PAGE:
Solving Complications with Filamentous Sludge

Table of Contents

Introduction
Complications with Filamentous Sludge
Primozone Ozone Solution for Reduction of Filamentous Bacteria

Introduction

Filamentous Sludge

Wastewater treatment is vital for human health, as well as for preservation and protection of the environment from the spread of contamination and water-borne diseases.

It is a common practice that wastewater treatment plants work based on the activated sludge principle. Activated sludge is created by organisms that flocculate and clump together to form a flake-like structure surrounding the suspended organic material they feed on. Therefore, larger masses settle out of the water and produce an active pool of microbes.

Biological floc comprises of fungi and bacteria, among others. As for bacteria, it covers around 95% of the total microbial mass and is vital for deprivation of organic substances in wastewater treatment process.

Complications with Filamentous Sludge

As stated, approximately 95% of the active sludge has bacteria. Filamentous bacteria are the usual component of the activated sludge biomass. Furthermore, filamentous bacteria form in a long thread like strands that do not split from each other but grow in a form of strings which enables these to link with each other.

As a result, Primozone has a formation of the mesh, which is the most essential part of the floc formation. Another significant aspect of filamentous bacteria is that it causes separation of fluid. Simply put, filamentous bacteria act as a spine for floc foundation and settling.

Filamentous bacteria have higher surface area and volume compared to conventional floc, also it is slow to settle. Under particular conditions, these bacteria can grow excessively, which will cause issues with sludge settling thereby decreasing the efficiency of the wastewater treatment plant. Wide-ranging research is continuing to be able to establish what causes a widespread growth of a certain type of filamentous bacteria. It was observed that season changes and difference in ambient temperature could be one of the reasons of the plentiful growth of filamentous bacteria.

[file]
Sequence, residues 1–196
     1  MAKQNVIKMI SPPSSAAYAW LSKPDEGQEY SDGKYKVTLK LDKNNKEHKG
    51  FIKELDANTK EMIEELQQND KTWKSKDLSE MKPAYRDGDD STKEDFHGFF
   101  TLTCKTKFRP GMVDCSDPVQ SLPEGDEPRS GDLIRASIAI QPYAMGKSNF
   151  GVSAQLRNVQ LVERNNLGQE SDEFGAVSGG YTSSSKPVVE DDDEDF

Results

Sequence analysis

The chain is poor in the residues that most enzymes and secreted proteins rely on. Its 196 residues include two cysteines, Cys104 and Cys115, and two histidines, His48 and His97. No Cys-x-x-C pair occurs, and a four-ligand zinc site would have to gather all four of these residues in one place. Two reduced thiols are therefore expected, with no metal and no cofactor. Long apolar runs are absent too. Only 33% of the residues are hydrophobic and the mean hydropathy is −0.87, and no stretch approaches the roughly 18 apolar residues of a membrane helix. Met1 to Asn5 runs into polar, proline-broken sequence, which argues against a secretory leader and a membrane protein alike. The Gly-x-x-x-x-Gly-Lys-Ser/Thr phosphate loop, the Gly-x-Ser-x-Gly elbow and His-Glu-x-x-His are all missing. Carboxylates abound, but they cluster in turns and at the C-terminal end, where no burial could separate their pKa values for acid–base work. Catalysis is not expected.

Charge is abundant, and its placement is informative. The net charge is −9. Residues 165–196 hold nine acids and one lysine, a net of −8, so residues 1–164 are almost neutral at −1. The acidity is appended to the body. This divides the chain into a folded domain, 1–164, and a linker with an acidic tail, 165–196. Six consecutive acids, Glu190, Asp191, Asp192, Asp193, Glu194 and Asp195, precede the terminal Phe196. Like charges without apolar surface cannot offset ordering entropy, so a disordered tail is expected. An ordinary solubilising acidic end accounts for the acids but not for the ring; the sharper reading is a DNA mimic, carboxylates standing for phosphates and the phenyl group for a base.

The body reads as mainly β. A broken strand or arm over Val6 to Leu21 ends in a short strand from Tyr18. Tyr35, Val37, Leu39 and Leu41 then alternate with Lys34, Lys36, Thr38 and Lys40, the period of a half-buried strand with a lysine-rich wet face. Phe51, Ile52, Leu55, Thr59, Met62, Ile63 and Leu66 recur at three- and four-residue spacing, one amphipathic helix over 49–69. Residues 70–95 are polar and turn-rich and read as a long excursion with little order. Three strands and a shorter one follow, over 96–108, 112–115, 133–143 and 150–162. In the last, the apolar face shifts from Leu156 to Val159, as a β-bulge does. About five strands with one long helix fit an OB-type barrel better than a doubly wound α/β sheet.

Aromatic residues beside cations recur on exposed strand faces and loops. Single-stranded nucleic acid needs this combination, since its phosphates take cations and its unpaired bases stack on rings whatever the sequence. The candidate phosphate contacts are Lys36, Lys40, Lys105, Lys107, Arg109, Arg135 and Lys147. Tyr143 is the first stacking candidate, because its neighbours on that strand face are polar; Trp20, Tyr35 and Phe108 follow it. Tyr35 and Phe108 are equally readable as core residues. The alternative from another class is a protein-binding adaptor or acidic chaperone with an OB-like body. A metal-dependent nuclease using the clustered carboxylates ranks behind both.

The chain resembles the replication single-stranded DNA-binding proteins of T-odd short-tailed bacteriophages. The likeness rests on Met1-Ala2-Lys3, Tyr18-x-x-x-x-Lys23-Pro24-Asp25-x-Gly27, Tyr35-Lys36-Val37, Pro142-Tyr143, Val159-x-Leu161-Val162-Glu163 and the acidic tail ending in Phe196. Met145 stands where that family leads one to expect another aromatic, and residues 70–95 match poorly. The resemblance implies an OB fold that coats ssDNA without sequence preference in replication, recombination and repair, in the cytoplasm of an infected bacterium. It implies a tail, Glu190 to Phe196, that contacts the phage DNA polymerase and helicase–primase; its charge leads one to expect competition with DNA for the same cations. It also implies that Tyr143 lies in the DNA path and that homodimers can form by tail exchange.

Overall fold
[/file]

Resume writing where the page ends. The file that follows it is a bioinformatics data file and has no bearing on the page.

An augmented development of filamentous microorganisms can result in various unwanted effects, one of them is - Floating Sludge. Floating sludge is inclined to float on the surface because of the growth of filamentous organisms, among others. The cell surface of certain filamentous bacteria adsorbs air and nitrogen gas bubbles that cause the sludge to swim upwards. Floating sludge should be eradicated quickly, not only because it can cause the development of foam in the septic tanks of anaerobic sludge treatment but it can also cause “sludge escape” resulting in loss of biological mass required to perform the core treatment.

Primozone Ozone Solution for Reduction of Filamentous Bacteria

Taking into account that this time of the year can cause unrestrained growth of filamentous bacteria, Primozone wanted to share their experience and solution for the effective reduction of filamentous bacteria with Primozone ozone solution.

Ozone is an extremely strong oxidant and as a result it is an effective method for wastewater. In the treatment of sludge containing filaments Primozone ozone solution improved the settling features of the sludge without any negative effect on the main nitrification process.

Öresundsverket WWTP, opted for Primozone plant and managed to successfully solve the challenge of filamentous sludge and simultaneously boost capacity on water throughput.

The Primozone SM900 is a full ozone plant placed in a small container. In the case of Öresundsverket WWTP, the plant was equipped with a reaction tank and a dissolution system. The benefit of the container solution is the prospect of placing it near the activated sludge, without the need for new building.

The pilot project resulted in a sludge volume index that was greatly decreased, while the biological process was not impacted.

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This information has been sourced, reviewed and adapted from materials provided by Primozone.

For more information on this source, please visit Primozone​.

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